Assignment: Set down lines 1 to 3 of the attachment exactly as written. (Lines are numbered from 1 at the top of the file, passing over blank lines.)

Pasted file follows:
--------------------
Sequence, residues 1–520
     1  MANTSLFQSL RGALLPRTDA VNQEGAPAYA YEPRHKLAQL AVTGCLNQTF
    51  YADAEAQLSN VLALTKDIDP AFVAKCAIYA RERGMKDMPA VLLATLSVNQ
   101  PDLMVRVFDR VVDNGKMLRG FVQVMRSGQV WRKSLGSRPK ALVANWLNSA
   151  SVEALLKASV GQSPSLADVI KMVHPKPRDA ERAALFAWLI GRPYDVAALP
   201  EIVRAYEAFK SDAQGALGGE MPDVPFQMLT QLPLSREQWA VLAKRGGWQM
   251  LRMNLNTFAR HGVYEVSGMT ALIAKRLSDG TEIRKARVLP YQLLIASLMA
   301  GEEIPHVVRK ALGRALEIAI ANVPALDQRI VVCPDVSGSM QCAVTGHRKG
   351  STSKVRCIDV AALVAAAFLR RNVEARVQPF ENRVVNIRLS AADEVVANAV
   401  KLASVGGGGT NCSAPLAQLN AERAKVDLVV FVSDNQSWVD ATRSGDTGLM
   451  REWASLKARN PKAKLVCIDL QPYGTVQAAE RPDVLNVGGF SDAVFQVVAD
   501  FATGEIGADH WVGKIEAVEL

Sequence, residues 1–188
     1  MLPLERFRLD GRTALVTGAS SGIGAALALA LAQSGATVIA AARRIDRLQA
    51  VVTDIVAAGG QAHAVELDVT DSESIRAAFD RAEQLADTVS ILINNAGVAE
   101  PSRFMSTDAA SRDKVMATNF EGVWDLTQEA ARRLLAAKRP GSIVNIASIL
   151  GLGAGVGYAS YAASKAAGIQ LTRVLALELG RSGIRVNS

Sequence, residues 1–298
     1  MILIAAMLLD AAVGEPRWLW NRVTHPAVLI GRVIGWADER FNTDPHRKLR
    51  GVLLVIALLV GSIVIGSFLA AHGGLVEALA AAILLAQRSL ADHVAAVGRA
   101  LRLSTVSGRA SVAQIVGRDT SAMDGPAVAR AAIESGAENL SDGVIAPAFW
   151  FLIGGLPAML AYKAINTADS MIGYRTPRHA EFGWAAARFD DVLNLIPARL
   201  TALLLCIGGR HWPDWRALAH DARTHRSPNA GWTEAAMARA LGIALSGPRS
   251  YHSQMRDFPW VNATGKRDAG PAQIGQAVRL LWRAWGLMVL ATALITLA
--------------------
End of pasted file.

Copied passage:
Sequence, residues 1–520
     1  MANTSLFQSL RGALLPRTDA VNQEGAPAYA YEPRHKLAQL AVTGCLNQTF
    51  YADAEAQLSN VLALTKDIDP AFVAKCAIYA RERGMKDMPA VLLATLSVNQ